Sing Street review

A teenager in 80s Dublin starts a band to impress a girl.

The latest film from John Carney (Once) can be summed up pretty well with the line above, but that can’t capture how much fun it is to watch.

One thing worth mentioning – this is most definitely a musical. While you can’t guess it from the films trailer and even Carney would say they’ve avoided labelling it as such, few films in recent memory satisfy the title better.

It’s a film that lives and thrives on music and sound, plunging the viewer headlong into the cacophonous pop of the 1980s and using existing and original songs to drive the story forward and to help the characters illustrate their emotions. And it all comes together in fantastical moment with dance sequences, period dress and Jack Reynor on a motorcycle for the ‘Drive it Like You Mean it Number.’

Music fans of the era will get a special kick out of it but this is also a film which speaks to all kids of the 80s. The cultural touchstones are there in droves; from the Aisling copybooks to the fear of a Black Widow catapult. And it’s also vivid in the recreation of just how poor and decrepit our nation was back then, and the crappy urban spaces we used for play because we had no choice – brilliantly brought to life in a sequence when the young crew make a music video in a dodgy alleyway.

Leading up this proto band is young Ferdia Walsh Peelo. A classically trained singer in real life, he had no screen experience when he got the role of Conor at the tender age of 14. And while that innocence really works for the character he also does a terrific job in the part, selling a role which requires him to be more than just another girl-obsessed teenage dweeb. He’s got heart and a personality which makes him likeable without the film having to tell us so.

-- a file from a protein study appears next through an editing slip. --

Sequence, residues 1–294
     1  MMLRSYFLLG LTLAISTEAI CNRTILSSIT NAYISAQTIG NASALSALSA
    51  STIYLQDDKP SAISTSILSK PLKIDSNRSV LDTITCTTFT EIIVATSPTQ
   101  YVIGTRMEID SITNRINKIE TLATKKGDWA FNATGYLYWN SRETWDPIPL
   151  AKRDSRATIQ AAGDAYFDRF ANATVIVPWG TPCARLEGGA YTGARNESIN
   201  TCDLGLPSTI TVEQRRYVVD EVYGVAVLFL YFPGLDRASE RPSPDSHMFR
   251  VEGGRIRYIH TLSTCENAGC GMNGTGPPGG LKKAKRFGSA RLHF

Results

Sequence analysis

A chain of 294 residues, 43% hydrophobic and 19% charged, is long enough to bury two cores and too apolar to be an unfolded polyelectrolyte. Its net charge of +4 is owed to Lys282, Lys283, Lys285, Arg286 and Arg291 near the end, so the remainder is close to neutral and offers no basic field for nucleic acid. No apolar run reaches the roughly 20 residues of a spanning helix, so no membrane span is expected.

The young cast is generally excellent, with fine contributions from the rest of the band despite relatively limited screentime. Affection object Raphina (Lucy Boynton) doesn’t fare quite so well – struggling to contain her English accent and feeling a little too old for proceedings.

Much of the appeal of the film comes from Carney’s breezy direction and the gentle humour which comes out in his script. The themes of youth and family and MUSIC are broad and genial enough to make this a real crowd pleaser, and there big box office potential in its future with a US release planned in April 2016.

For now though it’s earned an Irish release on St. Patrick’s Day and there’s plenty of humour for the locals plus a dramatic (if predictable) story and a bevy of memorable songs. Recommended.


-Daniel Anderson

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